Piano Forum logo
October 17, 2018, 08:31:18 AM *
   Forum Home   Help Search  

Murray Perahia: Not of this World

Perahia’s now legendary status means that he is often regarded as someone who is somewhat removed from normal life – which corresponds to the title of the documentary “Not of this world”. But it is only Perahia’s playing, with its otherworldly beauty, that seems to be beyond all earthly limitations. As this film shows, the artist engages in all facets of life as well as his work. Read more >>

Pages: [1]   Go Down
Author Topic: Presentation + question on Rachmaninoff prel. op 3 n°2  (Read 1858 times)
PS Silver Member
Offline Offline

Posts: 6

« on: November 17, 2005, 10:28:27 AM »

Hi folks,

Since it is my first post, let me introduce myself. I am 24 and live in Paris. I studied the piano as a child (something like from 7 to 14) then dropped. I started again a few years ago but did not have time to play. I finally bought a piano a few weeks ago and now practice a lot. I must confess I do not have a good level, but I still enjoy playing some little pieces, and I now master the andante from Beethoven’s pastorale sonata.

I have a question.
I started working on Rachmaninoff prelude opus 3 n°2 last week. I think I won’t be able to play the presto part but I like the lento so much I still started. So why are the chords of the lento writed so weird ?
For instance, take the first one, on the score it says E G# E for the left hand and C# G# C# for the right one, which force you to overlap hands. I play it E G# C# for both hands and find it much more simple.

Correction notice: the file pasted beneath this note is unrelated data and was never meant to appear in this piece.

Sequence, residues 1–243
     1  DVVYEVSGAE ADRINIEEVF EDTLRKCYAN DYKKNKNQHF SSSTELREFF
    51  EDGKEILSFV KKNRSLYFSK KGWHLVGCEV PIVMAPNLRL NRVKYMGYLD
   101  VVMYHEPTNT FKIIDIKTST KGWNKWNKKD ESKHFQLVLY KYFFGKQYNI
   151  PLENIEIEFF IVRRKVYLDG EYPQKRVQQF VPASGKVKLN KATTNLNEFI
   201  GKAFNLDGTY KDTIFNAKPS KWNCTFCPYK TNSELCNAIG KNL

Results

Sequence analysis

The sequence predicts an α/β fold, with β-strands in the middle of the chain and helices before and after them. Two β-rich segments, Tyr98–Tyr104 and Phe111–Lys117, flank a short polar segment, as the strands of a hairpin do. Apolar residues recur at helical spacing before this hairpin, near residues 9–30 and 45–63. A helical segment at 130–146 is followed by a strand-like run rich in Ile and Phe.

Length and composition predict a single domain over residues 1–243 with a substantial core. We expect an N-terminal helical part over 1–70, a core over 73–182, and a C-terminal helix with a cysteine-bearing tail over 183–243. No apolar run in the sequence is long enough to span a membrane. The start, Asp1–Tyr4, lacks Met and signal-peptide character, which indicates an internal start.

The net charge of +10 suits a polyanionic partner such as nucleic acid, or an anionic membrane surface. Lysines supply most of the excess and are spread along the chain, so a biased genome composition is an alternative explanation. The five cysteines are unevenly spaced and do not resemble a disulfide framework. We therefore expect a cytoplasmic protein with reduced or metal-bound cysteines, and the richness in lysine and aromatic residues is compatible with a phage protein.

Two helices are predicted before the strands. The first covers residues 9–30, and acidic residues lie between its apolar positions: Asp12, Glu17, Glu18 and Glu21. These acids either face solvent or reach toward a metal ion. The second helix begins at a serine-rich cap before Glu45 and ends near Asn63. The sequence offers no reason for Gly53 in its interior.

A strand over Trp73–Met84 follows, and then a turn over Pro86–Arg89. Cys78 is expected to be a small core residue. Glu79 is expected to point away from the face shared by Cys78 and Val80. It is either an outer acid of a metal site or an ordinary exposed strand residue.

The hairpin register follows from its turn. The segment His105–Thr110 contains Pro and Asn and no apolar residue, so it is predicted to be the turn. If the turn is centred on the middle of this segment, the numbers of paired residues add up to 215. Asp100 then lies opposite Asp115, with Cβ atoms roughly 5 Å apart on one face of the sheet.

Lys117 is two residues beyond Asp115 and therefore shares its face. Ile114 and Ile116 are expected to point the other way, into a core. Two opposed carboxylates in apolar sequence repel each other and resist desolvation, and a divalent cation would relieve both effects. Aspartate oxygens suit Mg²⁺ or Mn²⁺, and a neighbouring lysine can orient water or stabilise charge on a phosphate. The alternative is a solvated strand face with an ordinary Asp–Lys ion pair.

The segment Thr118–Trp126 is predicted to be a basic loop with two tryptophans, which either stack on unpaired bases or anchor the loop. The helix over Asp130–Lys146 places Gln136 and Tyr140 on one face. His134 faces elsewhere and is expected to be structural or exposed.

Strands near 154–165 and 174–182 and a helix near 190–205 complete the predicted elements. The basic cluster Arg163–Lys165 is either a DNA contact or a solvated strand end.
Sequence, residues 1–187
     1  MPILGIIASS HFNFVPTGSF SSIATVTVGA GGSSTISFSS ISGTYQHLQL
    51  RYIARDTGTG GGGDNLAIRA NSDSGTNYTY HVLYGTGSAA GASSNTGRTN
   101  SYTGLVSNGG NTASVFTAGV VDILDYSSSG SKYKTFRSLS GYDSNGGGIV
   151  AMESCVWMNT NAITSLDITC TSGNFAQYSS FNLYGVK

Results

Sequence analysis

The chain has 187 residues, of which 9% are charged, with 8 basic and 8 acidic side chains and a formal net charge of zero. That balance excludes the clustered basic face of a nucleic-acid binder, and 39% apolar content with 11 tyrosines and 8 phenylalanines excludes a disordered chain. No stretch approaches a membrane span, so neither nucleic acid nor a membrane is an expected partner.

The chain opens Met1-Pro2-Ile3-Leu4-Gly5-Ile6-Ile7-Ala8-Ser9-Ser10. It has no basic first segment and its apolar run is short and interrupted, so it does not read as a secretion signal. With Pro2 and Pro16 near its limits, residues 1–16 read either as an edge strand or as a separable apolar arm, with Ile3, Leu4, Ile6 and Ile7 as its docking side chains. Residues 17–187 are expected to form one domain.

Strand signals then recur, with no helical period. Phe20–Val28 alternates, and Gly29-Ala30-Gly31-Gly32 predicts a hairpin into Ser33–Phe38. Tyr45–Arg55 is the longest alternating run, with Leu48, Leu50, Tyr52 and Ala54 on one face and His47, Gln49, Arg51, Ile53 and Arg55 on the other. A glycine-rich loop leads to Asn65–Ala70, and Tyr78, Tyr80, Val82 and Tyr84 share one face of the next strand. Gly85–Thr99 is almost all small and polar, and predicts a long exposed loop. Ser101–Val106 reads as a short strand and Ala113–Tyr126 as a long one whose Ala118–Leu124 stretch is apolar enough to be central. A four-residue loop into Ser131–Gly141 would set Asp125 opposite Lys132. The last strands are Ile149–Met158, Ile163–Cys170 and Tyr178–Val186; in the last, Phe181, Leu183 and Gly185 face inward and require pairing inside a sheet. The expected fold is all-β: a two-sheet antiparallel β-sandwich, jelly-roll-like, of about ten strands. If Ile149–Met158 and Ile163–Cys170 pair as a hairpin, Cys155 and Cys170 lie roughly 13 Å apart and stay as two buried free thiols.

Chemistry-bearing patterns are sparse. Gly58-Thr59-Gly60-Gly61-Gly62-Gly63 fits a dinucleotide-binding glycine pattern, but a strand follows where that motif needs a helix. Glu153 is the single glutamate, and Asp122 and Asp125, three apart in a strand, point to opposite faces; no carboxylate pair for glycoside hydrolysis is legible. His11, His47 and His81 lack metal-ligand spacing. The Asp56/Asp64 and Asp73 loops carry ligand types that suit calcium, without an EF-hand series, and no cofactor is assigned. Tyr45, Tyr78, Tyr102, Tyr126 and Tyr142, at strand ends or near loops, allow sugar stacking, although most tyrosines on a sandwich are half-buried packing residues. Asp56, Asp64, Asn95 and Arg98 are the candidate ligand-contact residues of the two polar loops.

So I guess maybe there something I don’t understand on this prelude that makes that in fact one should play like it is written, maybe someone can explain that.

Thanks a lot for the dozens of  instructive threads on this forum. Wink

Do you find this post useful? Yes / No

"It's your time to fall, it's our time to shine" ADF

piano sheet music of Prelude
PS Silver Member
Sr. Member
Offline Offline

Posts: 1021

« Reply #1 on: November 17, 2005, 12:22:19 PM »

i put my money on this

if you look at the ending section after the presto... and looking at the chords, they mostly are the same chords for the first section, but with a few notes added in. So its easier to remember ... maybe.
Do you find this post useful? Yes / No

Me? A Piano-monkey? I'm not good enough to be one. - Dazzer's thoughts on piano monkeys.
The last recording i did was Etude in A Flat. It would have sounded better in A Hall though.
Pages: [1]   Go Up

Need more info or help?

Search pianostreet.com - the web's largest resource of information about piano playing:

Jump to:  

Most popular classical piano composers:
Powered by MySQL Powered by PHP Powered by SMF 1.1.21 | SMF © 2006-2007, Simple Machines Valid XHTML 1.0! Valid CSS!